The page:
HermioneWeasley Wed 23-Oct-19 20:34:25

You are entitled to a career and job satisfaction as well.

Partner will have to pull his weight with childcare, or fund a nanny or very flex childminder.

Get a cleaner and maybe even a “daily” to do laundry, ironing etc.

Keep your career and earning potential up

drankthekoolaid Wed 23-Oct-19 20:36:47

Does the place you're going to have the chance to by extra annual leave?

When I went back FY I managed to buy 15 days extra leave which allows me a lot of four day weeks. It helped!

whywhywhy6 Wed 23-Oct-19 20:39:53

Take the job. Your daughter will be fine. Your husband needs a serious reality check - it’s ridiculous for you to say he’s too important and busy (that’s what I read your words to actually mean) to be a functional co parent and partner. Set the standard now or you’ll be carrying the unfair and unreasonable burden of doing all the parenting and working full time forever.

But take that job. And congratulations for getting the offer.

whywhywhy6 Wed 23-Oct-19 20:41:06

Oh and your partner can hire the nanny and cleaner. That’s not automatically your problem to solve.

tttigress Wed 23-Oct-19 20:42:09

As previously stated use the extra cash to outsource some tasks, maybe washing, ironing and cleaning.

Also WFH is pretty standard nowadays, and actually encouraged in many cases to save money, if you new company doesn't immediately offer it, they will in the future.

Finally, maybe after a year or 2 you could bring up going 4 days a week.

JuneSpoon Wed 23-Oct-19 20:42:21

If it's your dream job then go for it!
Pros- happy mum happy baby
You deserve professional enjoyment/success
More money
Future earnings
Career progression

Cons
More hours leading to:
Stress of childcare
Stress of housework. Neither one of these are your sole responsibility. Is your partner considering these things when it comes to his job ? (Rhetorical question, I'm sure the answer is no!)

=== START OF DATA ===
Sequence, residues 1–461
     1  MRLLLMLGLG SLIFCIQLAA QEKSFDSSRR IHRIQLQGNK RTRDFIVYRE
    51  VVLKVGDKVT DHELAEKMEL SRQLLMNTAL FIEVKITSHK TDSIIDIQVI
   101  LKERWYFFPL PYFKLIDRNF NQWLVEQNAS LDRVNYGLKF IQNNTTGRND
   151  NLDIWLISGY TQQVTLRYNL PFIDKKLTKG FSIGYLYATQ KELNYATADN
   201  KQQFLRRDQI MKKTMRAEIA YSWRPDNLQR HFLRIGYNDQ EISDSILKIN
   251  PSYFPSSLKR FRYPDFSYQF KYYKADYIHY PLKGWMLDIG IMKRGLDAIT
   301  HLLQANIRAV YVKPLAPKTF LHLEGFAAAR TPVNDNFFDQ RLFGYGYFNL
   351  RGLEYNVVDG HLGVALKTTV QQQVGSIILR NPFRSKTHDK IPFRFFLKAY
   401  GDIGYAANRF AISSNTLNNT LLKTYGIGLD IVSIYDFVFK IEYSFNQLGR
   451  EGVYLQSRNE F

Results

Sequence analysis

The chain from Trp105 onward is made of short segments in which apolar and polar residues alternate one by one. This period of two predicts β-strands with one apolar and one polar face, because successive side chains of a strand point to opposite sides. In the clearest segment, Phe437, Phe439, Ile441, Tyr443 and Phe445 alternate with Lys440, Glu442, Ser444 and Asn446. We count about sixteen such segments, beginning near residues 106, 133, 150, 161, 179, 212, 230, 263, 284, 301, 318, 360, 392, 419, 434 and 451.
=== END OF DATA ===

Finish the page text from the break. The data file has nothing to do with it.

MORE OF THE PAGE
NeedAnExpert Wed 23-Oct-19 20:48:30

All the housework, admin, cooking, collection & drop offs fall to me as my partner works very long hours & is often not home until late.

Always the way on here. Can he reduce his days?

RedPoppiesAndSpots Wed 23-Oct-19 20:52:37

Just make sure that any new costs for outsourcing/childcare are split with your DH - it is not down to you to pay for them alone.

OVienna Wed 23-Oct-19 20:54:32

Take the job. It's not like you have to retire from this role. Your current situation sounds a bit precarious and I'd jump at the new opp.

managedmis Wed 23-Oct-19 20:58:50

. All the housework, admin, cooking, collection & drop offs fall to me as my partner works very long hours & is often not home until late.

^^

Take the job.

I bet he didn't offer to find a job with less money in order to enable you, did he? If

Wildorchidz Wed 23-Oct-19 21:02:45

Yes I agree, I would have a lot more time if my partner did more to help

Stop. Do not refer to his equal shared responsibilities as helping.He should be doing his fair share.

LeekMunchingSheepShagger Wed 23-Oct-19 21:05:50

I wouldn't work full time with a one year old. Young kids don't give a toss how much you earn, your time is much more important.

ThatMuppetShow Wed 23-Oct-19 21:05:53

All the housework, admin, cooking, collection & drop offs fall to me

housework: get cleaner
admin: share or give to partner
cooking: share & batch cook
Cooking from scratch really doesn't have to be time consuming at all - do buy a dishwasher if you haven't got one already.

Collection and drop off: could you ask grand parents for help on occasion?

ThatMuppetShow Wed 23-Oct-19 21:07:28

I bet he didn't offer to find a job with less money in order to enable you, did he?

I hate these comments, as it's so easy to magically find a lower paid job but with still enough to cover all the existing expenses. hmm

Rosti1981 Wed 23-Oct-19 21:11:28

Yep I'd say take it too.
Something similar happened to me after my first mat leave and my career has never really recovered several years on (and I haven't yet managed to be successful in applying for other jobs). It's disheartening feeling like your job doesn't really matter, you're not progressing, especially when you can see others are frantically busy. I completely get that trade off between a fulfilling job and flexibility/being part-time, but I reckon go full-time and then try to sort more flex (at least WFH sometimes, which isn't that unusual now anyway, and helps massively with energy levels if you're not having to commute every day). The longer you leave it the harder it will be to change things- and I think home roles are likely to get more entrenched too.

Definitely outsource where you can.

Congratulations and good luck!